The Customer Service Series: Develop trust at a distance

If customers don't trust your business, your chances for success dramatically reduce Click To Tweet

Distrust is the bane of every entrepreneur’s (especially those operating in the ‘very’ skeptical Nigerian market) existence. So in this post, I’ll be talking about some easy ways you can build and sustain trust with your customers and consequently enjoy more patronage and customer loyalty & advocacy.

1. Have your customer’s best interests at heart

There are so many easy ways to do this, for example, you can make your website mobile friendly, let your payment portal be secure and hassle free, offer recommendations and helpful advice. Just endeavor to be thoughtful and empathetic in how you run your business and engage with customers. Plus, and this is very

Plus, and this is very key if your product/service is not the right fit for a customer, let them know that too. You don’t have to try to be all things to all people. Truth is you would get calls from prospects asking for some help in an area that’s not really your business’ thing. And while it may seem like ‘growth’ to take on that (new) customer, if that customer isn’t a good fit, it can actually stunt real growth.

In some cases, trying to work with customers who are not ideal clients can lead to such a bad experience for both your business and the customer that you actually create vocal detractors for your business!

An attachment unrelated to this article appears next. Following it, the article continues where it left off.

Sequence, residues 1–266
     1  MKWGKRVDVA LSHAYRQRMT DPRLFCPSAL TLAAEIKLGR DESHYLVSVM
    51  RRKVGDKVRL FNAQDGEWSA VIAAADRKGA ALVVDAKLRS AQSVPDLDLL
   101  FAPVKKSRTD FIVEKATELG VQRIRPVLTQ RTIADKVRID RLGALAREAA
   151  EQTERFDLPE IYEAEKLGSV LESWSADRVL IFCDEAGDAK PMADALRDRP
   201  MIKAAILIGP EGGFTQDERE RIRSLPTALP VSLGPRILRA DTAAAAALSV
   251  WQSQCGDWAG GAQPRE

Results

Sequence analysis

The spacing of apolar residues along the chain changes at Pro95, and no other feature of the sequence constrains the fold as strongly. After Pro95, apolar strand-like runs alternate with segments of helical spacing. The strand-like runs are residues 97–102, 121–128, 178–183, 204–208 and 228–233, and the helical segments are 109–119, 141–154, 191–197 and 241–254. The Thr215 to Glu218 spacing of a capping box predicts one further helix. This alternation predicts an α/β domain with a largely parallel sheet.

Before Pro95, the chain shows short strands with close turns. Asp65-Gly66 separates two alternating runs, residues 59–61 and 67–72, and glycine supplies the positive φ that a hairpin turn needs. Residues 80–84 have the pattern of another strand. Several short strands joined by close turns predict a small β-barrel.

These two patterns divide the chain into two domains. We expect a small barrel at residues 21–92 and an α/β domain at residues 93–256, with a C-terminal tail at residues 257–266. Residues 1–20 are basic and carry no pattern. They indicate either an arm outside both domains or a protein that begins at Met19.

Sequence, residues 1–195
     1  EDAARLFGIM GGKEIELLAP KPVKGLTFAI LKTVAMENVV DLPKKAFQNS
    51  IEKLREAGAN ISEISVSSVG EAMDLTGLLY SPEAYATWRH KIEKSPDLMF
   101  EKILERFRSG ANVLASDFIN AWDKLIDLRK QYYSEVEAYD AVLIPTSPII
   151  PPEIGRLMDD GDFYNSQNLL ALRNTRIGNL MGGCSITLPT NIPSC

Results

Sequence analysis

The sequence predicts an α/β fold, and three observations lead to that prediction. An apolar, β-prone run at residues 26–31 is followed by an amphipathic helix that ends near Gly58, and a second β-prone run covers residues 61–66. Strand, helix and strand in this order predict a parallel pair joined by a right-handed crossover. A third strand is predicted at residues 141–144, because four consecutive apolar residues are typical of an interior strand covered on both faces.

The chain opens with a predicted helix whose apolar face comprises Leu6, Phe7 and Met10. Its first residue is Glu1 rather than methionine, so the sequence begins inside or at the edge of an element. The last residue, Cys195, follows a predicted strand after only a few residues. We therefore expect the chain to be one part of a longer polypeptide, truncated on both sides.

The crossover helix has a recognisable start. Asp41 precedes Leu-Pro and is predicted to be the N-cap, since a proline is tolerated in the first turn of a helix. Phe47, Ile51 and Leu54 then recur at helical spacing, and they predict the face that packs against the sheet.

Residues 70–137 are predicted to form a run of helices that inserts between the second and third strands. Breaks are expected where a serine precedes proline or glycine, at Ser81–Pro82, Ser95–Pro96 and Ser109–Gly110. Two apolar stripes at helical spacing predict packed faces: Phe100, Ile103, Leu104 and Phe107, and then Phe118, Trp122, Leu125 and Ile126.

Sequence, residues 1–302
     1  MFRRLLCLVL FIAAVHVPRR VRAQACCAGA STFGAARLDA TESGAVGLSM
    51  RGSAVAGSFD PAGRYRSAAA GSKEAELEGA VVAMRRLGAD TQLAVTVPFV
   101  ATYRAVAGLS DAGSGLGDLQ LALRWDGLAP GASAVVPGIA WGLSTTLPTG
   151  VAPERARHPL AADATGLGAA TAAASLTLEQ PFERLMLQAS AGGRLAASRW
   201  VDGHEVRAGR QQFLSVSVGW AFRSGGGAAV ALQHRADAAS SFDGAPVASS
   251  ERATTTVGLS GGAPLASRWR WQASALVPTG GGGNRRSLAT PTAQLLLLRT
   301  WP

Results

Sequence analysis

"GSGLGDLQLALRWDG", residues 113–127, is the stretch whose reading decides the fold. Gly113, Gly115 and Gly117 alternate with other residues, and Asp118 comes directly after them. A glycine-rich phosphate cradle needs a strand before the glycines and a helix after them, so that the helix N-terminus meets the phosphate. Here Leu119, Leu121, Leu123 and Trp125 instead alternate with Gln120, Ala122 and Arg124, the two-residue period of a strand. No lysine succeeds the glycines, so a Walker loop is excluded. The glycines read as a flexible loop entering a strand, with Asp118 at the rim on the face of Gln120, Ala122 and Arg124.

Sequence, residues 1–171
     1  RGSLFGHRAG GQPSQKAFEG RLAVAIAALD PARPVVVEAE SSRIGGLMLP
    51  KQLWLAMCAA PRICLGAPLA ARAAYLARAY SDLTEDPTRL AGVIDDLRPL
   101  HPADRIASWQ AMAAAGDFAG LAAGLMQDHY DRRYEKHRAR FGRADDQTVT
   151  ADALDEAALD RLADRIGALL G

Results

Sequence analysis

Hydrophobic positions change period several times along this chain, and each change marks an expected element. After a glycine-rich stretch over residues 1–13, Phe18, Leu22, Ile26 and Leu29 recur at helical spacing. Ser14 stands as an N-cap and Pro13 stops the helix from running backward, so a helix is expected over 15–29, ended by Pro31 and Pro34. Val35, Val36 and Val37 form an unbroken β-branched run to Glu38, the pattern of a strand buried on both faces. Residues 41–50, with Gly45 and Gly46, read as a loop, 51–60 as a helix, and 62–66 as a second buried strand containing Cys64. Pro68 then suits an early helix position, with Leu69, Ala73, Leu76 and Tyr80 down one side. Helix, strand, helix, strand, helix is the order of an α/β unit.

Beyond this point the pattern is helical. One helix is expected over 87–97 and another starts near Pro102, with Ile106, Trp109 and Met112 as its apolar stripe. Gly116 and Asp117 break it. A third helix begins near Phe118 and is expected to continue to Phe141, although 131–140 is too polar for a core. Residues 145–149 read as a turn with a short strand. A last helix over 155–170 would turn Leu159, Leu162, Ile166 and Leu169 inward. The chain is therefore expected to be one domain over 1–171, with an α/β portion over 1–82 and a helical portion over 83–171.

2. Be capable of delivering on your promises

For example, 24 hours delivery should be just that. If for any reason you might not be able to make it happen then escalate (within the agreed time period) and by all means be apologetic while doing so.

Let the product do what you said it would do and let the service experience deliver the value that’s being paid for. Never over promise and under deliver!

3. Be honest and authentic

Do not collect money for a size 4, mistakenly deliver a size 3 and then make the return and refund process hellish and frustrating. Customers and clients are smart; they know when you’re being up front or when they are told a mistruth.

They’ll appreciate and admire you more when you admit to a mistake, rather than playing games or even worse, avoiding the topic altogether.

Finally, not to scare you, but what is always important to know is, the moment your business is not trusted by people, your chances for success within your market/industry are diminished dramatically.

Cheers!

The Customer Service Series: Don’t interrupt your customers

You're going to have to get your customers attention one way or the other, just don't interrupt them Click To Tweet

I’ll make this one very quick. Here’s a simple fact, people do not like ‘marketing interruptions’.

Take these two scenarios. You’re listening to a radio station but a jingle comes up, so you tuned out. You’re watching your favourite show and there’s a commercial break, so you pick up your phone to check your Twitter TL. If this sounds familiar to you, then you know what I’m talking about.

This is the age of ad blockers where people are paying a significant sum to avoid advertising. So you can imagine how irritating it can be for these people when brands/businesses somehow manage to break through and interrupt what they are doing.

As a business you have to be deliberate about not annoying your (prospective) customers and quite frankly, things like;

  • Incessant generic and ill-targeted advertising
  • Nonstop unsolicited emails
  • Bombarding a customer (after they’ve made a purchase) with marketing offers and updates